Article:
Translator Disclaimer
Paper
3 June 2022 Autonomous dust detection and removal for space surface vehicles navigation and exploration awareness
Author Affiliations +
Abstract
There has been an exponential increase in planned lunar missions with the advent of commercial missions and future manned missions. Understanding the lunar environment is crucial to providing information for future missions that will land on the moon and other celestial bodies. The necessity to navigate freely, without loss of sensing capability is paramount to many of these explorations. Some of the vehicles that will pioneer these missions will encounter various natural hazards and awareness challenges–such as lunar dust and regolith. Due to their electrical and mechanical properties, the constituent particles will tend to adhere to the surface of the exploratory craft and the on-board equipment. This behavior poses a significant threat as the charged dust can cause vital electronics to short or render experimental instruments unusable due to accumulation and electrical discharges, as experienced by the Apollo crews on each visit to the Moon. This paper will focus on the design and experimentation of an autonomous control system that will detect regolith using the deep learning computer vision architecture MobileNetV2, and remove it using an electrodynamic dust shield covering a camera lens. This entire system provides an active method to detect optical obstructions, assess, and then remove them in order to regain navigation and/or scientific capabilities.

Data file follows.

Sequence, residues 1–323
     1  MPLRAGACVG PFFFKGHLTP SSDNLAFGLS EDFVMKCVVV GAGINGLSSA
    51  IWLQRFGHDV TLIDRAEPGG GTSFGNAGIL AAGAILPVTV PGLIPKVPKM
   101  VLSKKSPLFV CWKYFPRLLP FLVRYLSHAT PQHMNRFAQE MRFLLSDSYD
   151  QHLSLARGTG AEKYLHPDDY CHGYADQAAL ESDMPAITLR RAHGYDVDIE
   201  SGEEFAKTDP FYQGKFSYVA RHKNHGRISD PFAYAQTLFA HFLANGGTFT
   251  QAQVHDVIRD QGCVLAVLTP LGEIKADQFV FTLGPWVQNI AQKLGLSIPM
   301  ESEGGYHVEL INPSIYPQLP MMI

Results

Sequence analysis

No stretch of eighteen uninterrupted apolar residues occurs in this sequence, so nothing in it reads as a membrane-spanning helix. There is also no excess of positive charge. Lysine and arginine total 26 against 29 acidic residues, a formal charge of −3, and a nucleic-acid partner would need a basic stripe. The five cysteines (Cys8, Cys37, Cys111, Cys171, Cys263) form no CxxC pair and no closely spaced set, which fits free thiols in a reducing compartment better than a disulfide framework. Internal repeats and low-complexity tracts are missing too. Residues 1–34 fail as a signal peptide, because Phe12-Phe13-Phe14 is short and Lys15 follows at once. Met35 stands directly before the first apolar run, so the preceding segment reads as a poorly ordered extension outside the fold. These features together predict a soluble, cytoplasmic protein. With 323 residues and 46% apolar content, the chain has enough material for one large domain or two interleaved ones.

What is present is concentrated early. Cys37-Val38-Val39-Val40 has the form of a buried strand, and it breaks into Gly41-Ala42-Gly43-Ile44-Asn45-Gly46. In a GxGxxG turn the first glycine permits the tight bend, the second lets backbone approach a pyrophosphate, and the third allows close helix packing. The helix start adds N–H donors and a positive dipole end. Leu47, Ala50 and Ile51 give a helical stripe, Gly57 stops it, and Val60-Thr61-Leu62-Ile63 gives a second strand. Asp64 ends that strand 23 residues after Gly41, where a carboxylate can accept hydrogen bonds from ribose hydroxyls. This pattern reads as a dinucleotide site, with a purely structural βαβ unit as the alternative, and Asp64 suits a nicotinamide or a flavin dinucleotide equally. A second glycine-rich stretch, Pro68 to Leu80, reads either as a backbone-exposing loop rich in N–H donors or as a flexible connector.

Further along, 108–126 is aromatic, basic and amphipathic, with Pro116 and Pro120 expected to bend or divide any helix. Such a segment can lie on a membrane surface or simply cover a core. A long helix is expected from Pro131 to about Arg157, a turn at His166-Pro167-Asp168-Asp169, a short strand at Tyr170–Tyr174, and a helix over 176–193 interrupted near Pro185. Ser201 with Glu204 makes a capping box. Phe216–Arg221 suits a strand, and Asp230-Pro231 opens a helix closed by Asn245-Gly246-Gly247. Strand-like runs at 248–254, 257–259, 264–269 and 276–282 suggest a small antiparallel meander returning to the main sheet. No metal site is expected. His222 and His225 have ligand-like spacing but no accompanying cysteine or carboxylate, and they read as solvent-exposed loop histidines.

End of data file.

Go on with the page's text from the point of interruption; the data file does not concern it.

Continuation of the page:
© (2022) COPYRIGHT Society of Photo-Optical Instrumentation Engineers (SPIE). Downloading of the abstract is permitted for personal use only.
Daniel Posada, Jarred A. Jordan, Aryslan Malik, Angelica Radulovic, Jerry J. Wang, Seth Rhodes, Charles Buhler, and Troy Henderson "Autonomous dust detection and removal for space surface vehicles navigation and exploration awareness", Proc. SPIE 12121, Sensors and Systems for Space Applications XV, 1212109 (3 June 2022); https://doi.org/10.1117/12.2619095
PROCEEDINGS
11 PAGES


SHARE
Advertisement
Advertisement
KEYWORDS
Control systems design

Navigation systems

Active optics

Cameras

Computer vision technology

Electrodynamics

Electronics

RELATED CONTENT


Back to Top